I did manage to figure out how to get all the nodes w/o declaring a tail and previous pointer as private members to the list class =) –  user40120 Sep 9 '09 at 4:31
    
Glad you got sorted! There is no headByName on line 3? If you mean this: node* searchNode = headByName; Then that's correct, initially there would be no head, so the loop would immediately exit with prevNode==NULL and searchNode==NULL, so the new node would become the new headByName (in the if check), and prevNode would never be referenced. nextByName would correctly be assigned to NULL as well. –  FlintZA Sep 10 '09 at 8:55

You called this a doubly linked list, and although it's true that your nodes each have two links, this isn't really what most people think of when they hear about doubly linked lists. Since your two links are apparently unrelated to each other — nobody rates wineries alphabetically — it will be a little easier if you don't think of this as a doubly linked list.

The usual place to insert into a linked list, when a more specific order isn't required, is at the end of the list. The steps to do that are as follows:

  1. Create a new node.
  2. Find the place to insert the new node (i.e., the last node, at end of the list)
  3. Update the last node's "next" pointer to point to the new node.

When you're inserting into what may be the middle of the list, as is the case for you, then there is another step:

2.5. Update the new node's "next" pointer.

The reason that step isn't usually there is that when inserting at the end of a list, the new node's "next" pointer is already null from when you constructed the new node object.

You've figured out the first step already. In fact, you've done it too well because your code actually creates two new nodes. One you store in current_node and the other you store in tail_node. Get rid of the second one.

Step 2 is about figuring out which node should be the one that immediately precedes the new node. When ordering by name, that would be the node that comes before the first node you find that has a name after the current name. You're going to have to walk along the list, possibly looking at every node, until you find one that belongs after the new node's name. As you move along the list, you're going to have to keep track of which node came before that node, too, because once you find the node you're looking for, you're going to have to backtrack.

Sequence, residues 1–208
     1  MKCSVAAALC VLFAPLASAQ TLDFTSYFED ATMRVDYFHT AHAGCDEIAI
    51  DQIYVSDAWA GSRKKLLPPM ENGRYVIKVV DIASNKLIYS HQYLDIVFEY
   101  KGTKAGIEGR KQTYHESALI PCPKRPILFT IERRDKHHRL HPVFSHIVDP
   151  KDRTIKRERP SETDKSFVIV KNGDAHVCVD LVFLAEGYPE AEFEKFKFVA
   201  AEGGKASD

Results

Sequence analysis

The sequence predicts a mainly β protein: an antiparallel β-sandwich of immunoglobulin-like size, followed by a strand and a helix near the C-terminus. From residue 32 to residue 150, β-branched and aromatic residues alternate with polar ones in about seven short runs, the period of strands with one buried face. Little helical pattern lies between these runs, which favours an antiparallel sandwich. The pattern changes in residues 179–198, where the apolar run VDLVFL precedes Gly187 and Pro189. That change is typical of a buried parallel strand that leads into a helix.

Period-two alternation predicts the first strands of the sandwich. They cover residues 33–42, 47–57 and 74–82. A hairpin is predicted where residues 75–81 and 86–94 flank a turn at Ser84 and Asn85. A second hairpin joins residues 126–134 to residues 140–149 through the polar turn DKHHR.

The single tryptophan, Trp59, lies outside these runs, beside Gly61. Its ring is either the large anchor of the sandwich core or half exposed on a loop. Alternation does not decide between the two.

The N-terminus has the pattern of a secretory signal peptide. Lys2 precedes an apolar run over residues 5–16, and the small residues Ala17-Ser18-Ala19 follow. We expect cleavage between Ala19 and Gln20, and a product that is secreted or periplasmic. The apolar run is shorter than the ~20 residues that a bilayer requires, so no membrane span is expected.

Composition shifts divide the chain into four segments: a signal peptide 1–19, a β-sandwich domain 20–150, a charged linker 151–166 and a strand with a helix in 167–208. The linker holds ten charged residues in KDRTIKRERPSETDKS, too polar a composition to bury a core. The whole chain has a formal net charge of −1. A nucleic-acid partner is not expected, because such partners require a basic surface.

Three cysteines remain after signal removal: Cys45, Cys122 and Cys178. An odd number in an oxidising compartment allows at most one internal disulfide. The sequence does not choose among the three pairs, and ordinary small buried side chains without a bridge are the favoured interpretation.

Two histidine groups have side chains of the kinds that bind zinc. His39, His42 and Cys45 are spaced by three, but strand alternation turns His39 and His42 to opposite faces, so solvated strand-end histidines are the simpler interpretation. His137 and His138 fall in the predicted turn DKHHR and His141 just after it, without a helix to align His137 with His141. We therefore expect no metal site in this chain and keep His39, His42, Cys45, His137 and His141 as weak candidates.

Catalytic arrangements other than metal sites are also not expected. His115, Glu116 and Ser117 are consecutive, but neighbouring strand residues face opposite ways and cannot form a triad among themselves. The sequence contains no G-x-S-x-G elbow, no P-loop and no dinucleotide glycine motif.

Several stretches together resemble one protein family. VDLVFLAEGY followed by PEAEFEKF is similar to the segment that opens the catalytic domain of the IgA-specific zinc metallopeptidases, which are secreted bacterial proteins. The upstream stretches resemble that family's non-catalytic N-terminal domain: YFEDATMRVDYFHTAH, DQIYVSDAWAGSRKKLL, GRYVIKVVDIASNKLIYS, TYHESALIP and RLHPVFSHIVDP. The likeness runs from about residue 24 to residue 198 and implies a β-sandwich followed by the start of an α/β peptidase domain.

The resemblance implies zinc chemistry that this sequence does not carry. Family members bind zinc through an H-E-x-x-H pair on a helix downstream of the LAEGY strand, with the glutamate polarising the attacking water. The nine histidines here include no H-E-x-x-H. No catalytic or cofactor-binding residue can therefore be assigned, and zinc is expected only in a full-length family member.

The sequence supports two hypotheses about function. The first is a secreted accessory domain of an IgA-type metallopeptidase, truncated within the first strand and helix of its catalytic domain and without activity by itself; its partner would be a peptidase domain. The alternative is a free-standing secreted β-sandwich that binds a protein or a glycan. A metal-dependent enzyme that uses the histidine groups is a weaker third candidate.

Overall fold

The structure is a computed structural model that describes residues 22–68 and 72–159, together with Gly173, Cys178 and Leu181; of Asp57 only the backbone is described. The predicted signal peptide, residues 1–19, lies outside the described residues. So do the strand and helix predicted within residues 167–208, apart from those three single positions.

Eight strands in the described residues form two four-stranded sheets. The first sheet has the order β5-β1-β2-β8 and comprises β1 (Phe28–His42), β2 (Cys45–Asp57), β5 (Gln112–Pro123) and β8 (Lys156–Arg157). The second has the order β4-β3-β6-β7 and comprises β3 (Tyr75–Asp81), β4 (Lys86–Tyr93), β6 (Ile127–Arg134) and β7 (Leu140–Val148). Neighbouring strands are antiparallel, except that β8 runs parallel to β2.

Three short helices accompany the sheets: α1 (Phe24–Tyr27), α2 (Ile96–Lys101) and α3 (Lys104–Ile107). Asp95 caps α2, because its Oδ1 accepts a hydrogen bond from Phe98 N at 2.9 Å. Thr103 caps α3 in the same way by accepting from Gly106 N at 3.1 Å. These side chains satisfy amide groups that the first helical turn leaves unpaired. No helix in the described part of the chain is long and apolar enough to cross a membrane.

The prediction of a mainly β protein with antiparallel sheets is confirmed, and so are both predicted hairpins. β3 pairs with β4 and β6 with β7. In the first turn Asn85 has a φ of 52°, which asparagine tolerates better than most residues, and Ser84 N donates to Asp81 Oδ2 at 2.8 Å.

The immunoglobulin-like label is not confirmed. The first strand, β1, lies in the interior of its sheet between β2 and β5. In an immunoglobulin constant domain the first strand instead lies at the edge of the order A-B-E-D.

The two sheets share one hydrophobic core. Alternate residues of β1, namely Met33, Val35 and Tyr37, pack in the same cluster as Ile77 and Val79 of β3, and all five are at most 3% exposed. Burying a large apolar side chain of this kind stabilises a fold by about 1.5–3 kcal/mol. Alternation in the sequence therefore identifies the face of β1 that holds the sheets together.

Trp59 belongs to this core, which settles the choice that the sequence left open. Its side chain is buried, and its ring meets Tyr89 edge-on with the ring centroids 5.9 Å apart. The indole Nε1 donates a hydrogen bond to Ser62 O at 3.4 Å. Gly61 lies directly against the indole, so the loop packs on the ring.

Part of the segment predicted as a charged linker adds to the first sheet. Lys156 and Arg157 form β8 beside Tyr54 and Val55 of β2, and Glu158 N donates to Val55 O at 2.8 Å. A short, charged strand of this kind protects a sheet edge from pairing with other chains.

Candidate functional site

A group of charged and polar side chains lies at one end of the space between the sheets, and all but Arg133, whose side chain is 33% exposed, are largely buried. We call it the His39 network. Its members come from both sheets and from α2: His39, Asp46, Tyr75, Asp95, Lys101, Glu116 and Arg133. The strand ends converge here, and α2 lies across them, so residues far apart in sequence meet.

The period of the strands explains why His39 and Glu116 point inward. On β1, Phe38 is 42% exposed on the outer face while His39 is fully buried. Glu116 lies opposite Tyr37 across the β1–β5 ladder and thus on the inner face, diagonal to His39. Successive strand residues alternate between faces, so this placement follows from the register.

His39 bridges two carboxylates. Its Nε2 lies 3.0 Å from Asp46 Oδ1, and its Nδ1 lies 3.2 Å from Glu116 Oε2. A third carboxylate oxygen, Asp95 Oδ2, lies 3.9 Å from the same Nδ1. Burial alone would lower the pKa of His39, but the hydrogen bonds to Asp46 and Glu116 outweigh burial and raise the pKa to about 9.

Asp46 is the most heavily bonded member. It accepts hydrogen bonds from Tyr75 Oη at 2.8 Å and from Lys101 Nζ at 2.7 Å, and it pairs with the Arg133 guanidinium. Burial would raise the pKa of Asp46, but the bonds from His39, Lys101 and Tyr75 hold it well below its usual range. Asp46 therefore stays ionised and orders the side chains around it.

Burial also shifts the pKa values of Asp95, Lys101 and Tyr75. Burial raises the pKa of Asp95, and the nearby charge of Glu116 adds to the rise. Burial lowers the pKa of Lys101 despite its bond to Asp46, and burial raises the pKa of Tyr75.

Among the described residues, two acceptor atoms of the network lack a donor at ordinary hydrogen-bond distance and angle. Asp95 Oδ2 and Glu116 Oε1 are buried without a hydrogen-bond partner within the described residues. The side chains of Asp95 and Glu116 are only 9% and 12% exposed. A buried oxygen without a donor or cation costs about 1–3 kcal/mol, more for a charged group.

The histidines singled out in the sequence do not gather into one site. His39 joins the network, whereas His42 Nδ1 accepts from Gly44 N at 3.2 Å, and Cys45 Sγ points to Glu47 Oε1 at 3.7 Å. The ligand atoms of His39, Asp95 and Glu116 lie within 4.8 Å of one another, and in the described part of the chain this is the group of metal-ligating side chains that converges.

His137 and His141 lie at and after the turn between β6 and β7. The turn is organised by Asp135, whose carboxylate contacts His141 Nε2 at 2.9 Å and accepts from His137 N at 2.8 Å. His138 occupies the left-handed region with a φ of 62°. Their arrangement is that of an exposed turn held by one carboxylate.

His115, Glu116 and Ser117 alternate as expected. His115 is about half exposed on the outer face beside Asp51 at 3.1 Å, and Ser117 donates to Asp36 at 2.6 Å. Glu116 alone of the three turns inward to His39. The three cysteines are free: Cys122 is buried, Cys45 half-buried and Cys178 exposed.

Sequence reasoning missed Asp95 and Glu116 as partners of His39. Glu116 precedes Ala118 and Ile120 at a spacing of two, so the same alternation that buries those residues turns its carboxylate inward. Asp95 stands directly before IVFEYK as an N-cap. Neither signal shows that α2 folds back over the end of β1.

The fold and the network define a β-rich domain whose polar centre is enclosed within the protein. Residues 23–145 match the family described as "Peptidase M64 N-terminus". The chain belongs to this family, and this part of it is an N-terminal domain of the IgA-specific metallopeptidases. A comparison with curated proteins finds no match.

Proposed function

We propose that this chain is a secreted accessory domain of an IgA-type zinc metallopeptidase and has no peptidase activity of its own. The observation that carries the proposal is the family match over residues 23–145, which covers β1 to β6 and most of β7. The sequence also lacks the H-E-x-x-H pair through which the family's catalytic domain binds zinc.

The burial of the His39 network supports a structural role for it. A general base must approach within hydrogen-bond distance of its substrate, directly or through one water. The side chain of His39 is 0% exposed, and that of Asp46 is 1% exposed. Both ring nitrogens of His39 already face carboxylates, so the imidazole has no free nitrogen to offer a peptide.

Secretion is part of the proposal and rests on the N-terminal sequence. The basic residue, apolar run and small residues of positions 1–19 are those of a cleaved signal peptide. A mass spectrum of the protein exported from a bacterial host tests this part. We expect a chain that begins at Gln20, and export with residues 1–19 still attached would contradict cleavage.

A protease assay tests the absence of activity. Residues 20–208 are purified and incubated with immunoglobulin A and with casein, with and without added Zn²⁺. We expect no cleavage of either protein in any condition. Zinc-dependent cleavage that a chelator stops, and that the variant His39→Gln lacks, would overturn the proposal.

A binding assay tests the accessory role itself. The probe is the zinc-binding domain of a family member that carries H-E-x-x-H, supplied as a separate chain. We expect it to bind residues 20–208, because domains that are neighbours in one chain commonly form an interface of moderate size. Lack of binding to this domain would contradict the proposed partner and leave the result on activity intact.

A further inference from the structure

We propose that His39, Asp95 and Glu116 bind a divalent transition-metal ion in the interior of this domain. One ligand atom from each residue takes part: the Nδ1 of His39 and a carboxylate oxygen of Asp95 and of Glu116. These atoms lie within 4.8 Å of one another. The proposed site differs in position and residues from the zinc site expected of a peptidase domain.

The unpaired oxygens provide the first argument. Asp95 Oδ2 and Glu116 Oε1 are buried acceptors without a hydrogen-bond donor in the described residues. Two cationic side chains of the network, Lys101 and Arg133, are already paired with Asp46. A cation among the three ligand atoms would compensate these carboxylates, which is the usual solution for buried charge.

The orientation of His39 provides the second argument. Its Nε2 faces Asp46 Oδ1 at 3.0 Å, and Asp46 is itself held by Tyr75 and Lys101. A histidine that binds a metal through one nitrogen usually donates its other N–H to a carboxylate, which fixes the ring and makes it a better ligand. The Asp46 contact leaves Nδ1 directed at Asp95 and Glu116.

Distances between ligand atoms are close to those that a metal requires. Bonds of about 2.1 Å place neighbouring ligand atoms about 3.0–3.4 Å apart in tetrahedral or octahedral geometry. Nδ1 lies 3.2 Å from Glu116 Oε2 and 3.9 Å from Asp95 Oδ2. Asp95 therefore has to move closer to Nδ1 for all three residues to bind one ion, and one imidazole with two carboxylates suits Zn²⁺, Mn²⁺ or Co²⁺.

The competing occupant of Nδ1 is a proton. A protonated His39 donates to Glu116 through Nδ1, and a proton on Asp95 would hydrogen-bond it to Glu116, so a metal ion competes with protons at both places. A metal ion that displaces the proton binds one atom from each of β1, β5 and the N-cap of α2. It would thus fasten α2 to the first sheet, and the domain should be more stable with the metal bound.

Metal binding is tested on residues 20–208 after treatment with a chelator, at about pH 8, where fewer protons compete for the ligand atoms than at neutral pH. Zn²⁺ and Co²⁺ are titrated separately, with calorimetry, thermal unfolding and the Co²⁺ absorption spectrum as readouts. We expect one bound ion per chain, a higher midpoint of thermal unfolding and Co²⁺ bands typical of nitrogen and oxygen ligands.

Worry about the name and the rating separately. Don't try to solve both parts at once. Once you get the winery inserted correctly by name, then duplicate that code and replace "name" with "rating." But don't create another node object. Keep using the same one you created before.

As you've worked on this assignment, have you drawn any pictures of nodes with arrows pointing to other nodes? Try it. You've surely seen it done in your textbook or on your teacher's chalkboard. If a problem is too big for you to reason about entirely in your head, then use something to help you keep track of things outside your head. The professionals do it, too. Since each node has multiple pointers, you should either label the pointers or use different colors for name and rating.

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To be a doubly-linked list each node must have a pointer to the node before and after it. You can also store a head and tail node if you like, but that would be more for personal convenience than to meet the requirements of a doubly-linked list.

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I'm not sure I understand your question exactly. Going just from the topic "How do you insert into a sorted linked list?" I would do something like this (pseudocode):

list::insert(Winery winery) {
    Winery node = getHeadNode();

    // winery comes before the head node
    if (winery.name < node.name) {
        // the old head node now goes after this new node
        // and this new node becomes the new head node
        winery.next = node;
        setHeadNode(winery);
        return;
    }

    // let's iterate over the rest of the nodes in the list
    Winery previous_node = node;
    node = node.next;
    while (node != NULL) {
        // we found our insertion point
        if (winery.name < node.name) {
            // insert our new node
            previous_node.next = winery;
            winery.next = node;
            return;
        }

        // insertion point not found, move to the next node and repeat
        previous_node = node;
        node = node.next;
    }

    // all elements visited, append our new element to the end of the list
    previous_node.next = winery;
    winery.next = NULL;
}

The above algorithm will insert your new node in the appropriate place in the list, assuming the list is sorted by name.